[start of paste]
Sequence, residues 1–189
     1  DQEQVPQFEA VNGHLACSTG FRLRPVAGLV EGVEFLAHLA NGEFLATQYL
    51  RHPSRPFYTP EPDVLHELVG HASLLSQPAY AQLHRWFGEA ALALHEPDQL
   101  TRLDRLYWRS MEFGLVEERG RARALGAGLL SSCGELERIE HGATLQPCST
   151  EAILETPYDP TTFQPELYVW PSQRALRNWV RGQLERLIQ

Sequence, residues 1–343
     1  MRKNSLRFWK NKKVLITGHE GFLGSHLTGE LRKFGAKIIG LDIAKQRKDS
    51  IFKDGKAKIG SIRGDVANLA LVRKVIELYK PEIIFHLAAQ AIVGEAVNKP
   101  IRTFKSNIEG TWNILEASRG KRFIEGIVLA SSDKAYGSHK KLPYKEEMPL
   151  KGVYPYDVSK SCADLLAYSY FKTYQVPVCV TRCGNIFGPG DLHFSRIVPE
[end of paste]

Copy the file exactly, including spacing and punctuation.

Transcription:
Sequence, residues 1–189
     1  DQEQVPQFEA VNGHLACSTG FRLRPVAGLV EGVEFLAHLA NGEFLATQYL
    51  RHPSRPFYTP EPDVLHELVG HASLLSQPAY AQLHRWFGEA ALALHEPDQL
   101  TRLDRLYWRS MEFGLVEERG RARALGAGLL SSCGELERIE HGATLQPCST
   151  EAILETPYDP TTFQPELYVW PSQRALRNWV RGQLERLIQ

Sequence, residues 1–343
     1  MRKNSLRFWK NKKVLITGHE GFLGSHLTGE LRKFGAKIIG LDIAKQRKDS
    51  IFKDGKAKIG SIRGDVANLA LVRKVIELYK PEIIFHLAAQ AIVGEAVNKP
   101  IRTFKSNIEG TWNILEASRG KRFIEGIVLA SSDKAYGSHK KLPYKEEMPL
   151  KGVYPYDVSK SCADLLAYSY FKTYQVPVCV TRCGNIFGPG DLHFSRIVPE